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Shrinkage regression for multivariate inference with missing data, with an application to portfolio balancing

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Asset return histories can greatly vary in length. Such data are said to follow a monotone missingness pattern, which leads to a convenient factorization of the likelihood for the purposes of inference. Under an MVN assumption, MLEs and samples from a Bayesian posterior can be obtained by repeated OLS regression, one for each asset. When there are more assets than historical returns (a “big p small n problem”), however, OLS becomes unstable. We explore remedies that apply shrinkage, like ridge regression or the lasso, which have a natural Bayesian implementation, and can offer improvements in accuracy and interpretation. We focus on the Bayesian approach and thus improve upon the work of Stambaugh (1997) to provide full posterior inference rather than just moments, in addition to extending its reach to the “big p small n” setting. We show how, in this framework, it is straightforward to relax the MVN and monotonicity assumptions, incorporate known factors, test hypotheses about correlation, obtain credible intervals all parameters in the model and, in particular, obtain uncertainty bands for the solutions to the quadratic programs using samples from the posterior to, e.g., balance portfolios. Where possible, we provide detailed comparisons to the alternative ML approach. We conclude with an investment exercise and descriptive analysis based on real financial returns data. An R package implementing all of the methods described herein is available on CRAN .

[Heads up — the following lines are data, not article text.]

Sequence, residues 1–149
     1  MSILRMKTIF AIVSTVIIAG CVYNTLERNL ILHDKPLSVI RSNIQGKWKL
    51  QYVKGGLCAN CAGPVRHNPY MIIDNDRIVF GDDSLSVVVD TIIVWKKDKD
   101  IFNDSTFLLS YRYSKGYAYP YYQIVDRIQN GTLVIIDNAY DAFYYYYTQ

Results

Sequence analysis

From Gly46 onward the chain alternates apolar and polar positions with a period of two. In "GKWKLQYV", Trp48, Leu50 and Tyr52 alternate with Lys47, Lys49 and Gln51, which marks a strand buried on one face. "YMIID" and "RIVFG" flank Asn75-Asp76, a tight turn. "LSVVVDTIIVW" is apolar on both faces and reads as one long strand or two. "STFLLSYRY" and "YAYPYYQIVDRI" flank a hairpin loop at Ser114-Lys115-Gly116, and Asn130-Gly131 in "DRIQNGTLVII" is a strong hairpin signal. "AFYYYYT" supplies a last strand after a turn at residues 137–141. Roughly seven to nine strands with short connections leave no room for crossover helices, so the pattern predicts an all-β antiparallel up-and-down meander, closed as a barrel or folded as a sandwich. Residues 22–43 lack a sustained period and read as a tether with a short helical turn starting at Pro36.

This talk is part of the Machine Learning @ CUED series.

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